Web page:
The Flight of the Titanic

This is your captain speaking. Everything is proceeding normally, and we expect to arrive at our destination in about 30 seconds. Thank you for flying with us, and have a nice day.

The pilot of our great metaphorical economic airplane has just been on the PA system — again — to assure us that everything is going great. But it’s getting harder and harder to believe him. He says we’re making a slow and careful ascent to cruising altitude but it’s been hours since takeoff and we’re only 50 feet above ground. Is that normal? Should there be flames erupting from all the engines? With the turbulence, and the violent maneuvers to fly around tall buildings, concentrating on watching the movie and eating our peanuts is almost impossible. And we just heard the captain mutter, unaware that his mic was on, “What the hell does this button do?”

The state of the industrial economy, 2017.

It’s an engine that runs on spending by consumers, and can soar only when it figures out how to sell more crap to more people every quarter. It used to be easy. Lately — for several years, actually — the whole edifice has rested heavily on the relative well-being of two industries: the restaurant industry and the automobile industry. Now both are flashing red lights and sounding klaxon alarms in the cockpit.

A thriving restaurant industry (much of it fast-food places) is not only comforting to the Overseers (see, consumers have plenty of pocket money, they’re obviously lying about not being able to afford their medications) but the mainstay of the low, low unemployment rate we enjoy as long as we don’t count the unemployables. (You know who was right about that, over and over? Donald Trump, that’s who. During the campaign, not any more.)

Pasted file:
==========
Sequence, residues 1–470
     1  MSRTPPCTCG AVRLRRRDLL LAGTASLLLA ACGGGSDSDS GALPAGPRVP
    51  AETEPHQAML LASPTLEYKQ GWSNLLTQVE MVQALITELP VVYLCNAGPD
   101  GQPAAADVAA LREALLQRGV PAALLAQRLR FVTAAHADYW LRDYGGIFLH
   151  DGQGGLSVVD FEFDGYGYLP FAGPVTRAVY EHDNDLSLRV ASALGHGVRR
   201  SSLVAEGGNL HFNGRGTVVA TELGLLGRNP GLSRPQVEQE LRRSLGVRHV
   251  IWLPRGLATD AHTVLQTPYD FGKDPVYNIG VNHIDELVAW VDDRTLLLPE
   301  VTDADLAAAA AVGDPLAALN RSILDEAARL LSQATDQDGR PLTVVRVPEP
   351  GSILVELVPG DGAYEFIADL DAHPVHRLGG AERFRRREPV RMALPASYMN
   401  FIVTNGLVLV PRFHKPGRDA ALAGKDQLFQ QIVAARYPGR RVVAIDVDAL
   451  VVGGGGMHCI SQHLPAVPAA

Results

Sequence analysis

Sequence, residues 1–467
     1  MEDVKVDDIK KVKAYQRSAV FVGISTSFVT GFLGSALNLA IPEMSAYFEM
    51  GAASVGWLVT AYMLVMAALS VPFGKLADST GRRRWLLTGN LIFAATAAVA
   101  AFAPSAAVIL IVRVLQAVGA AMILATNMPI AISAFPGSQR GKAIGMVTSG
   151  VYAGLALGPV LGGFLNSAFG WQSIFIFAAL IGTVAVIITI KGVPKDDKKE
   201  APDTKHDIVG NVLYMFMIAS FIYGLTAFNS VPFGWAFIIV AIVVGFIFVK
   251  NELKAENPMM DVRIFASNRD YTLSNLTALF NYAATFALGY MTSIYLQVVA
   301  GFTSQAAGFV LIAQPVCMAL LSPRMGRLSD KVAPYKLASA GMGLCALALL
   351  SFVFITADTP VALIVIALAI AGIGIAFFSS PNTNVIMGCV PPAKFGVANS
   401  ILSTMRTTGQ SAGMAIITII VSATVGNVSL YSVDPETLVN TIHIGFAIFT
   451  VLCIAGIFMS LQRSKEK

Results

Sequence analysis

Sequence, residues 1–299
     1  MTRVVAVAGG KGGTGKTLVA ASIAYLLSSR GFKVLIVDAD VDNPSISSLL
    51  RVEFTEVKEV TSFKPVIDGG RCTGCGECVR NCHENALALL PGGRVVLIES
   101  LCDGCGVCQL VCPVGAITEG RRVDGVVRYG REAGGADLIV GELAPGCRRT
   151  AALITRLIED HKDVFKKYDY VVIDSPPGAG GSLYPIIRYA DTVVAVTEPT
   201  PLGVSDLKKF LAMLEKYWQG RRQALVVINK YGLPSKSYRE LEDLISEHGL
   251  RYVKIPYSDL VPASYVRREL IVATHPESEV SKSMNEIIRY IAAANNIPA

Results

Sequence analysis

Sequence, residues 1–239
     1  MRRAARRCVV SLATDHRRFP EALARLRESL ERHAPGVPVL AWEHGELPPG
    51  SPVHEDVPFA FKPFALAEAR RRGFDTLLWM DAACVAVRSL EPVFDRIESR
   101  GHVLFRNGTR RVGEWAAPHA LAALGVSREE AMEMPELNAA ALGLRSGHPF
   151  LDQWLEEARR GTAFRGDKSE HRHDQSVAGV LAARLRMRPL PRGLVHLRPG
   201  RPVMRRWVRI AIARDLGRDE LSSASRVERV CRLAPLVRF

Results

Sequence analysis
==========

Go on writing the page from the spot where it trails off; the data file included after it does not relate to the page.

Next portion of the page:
But the formerly reliable bastion of prosperity is sputtering. For 11 of the last 12 months, total restaurant sales in the US have declined, even more steeply in February and March. It’s the worst tailspin for the industry since 2009-10 (when Obama was president — wouldn’t you know it.) The industry is responding to this trend by laying off people and raising prices.  The Masters of the Restaurant Universe are confident that offering slower service at higher prices will turn things around  any minute now.

Over in the automobile sector, things are similarly rosy-looking and under control. Lenders are out swarming hospices in search of people with a pulse who will accept 20-year, zero-interest, no-down-payment, cash-back car loans, which are then bundled as blue chip securities and sold to desperate pension fund managers who are weeks away from insolvency. Inexplicably, problems have arisen. Defaults are sky high, lenders have run out of subprime prospects (they’re  going for sub-sub-prime now), inventories of both new and used cars are swelling up like a Kardashian’s rear end. Nothing like this has ever happened before.

Overall, retail sales are down for the second month in a row. This is largely, but not entirely, because of the slump in auto sales; retail stores and shopping malls are closing all over the country at unprecedented rates. WalMart is laying off people, Sears and KMart do not expect to survive the year. Last month, we were told to rejoice, because February retail sales were up. This month’s report had a footnote saying that last month’s numbers have been revised, and sales were actually down. Isn’t it interesting how they do that?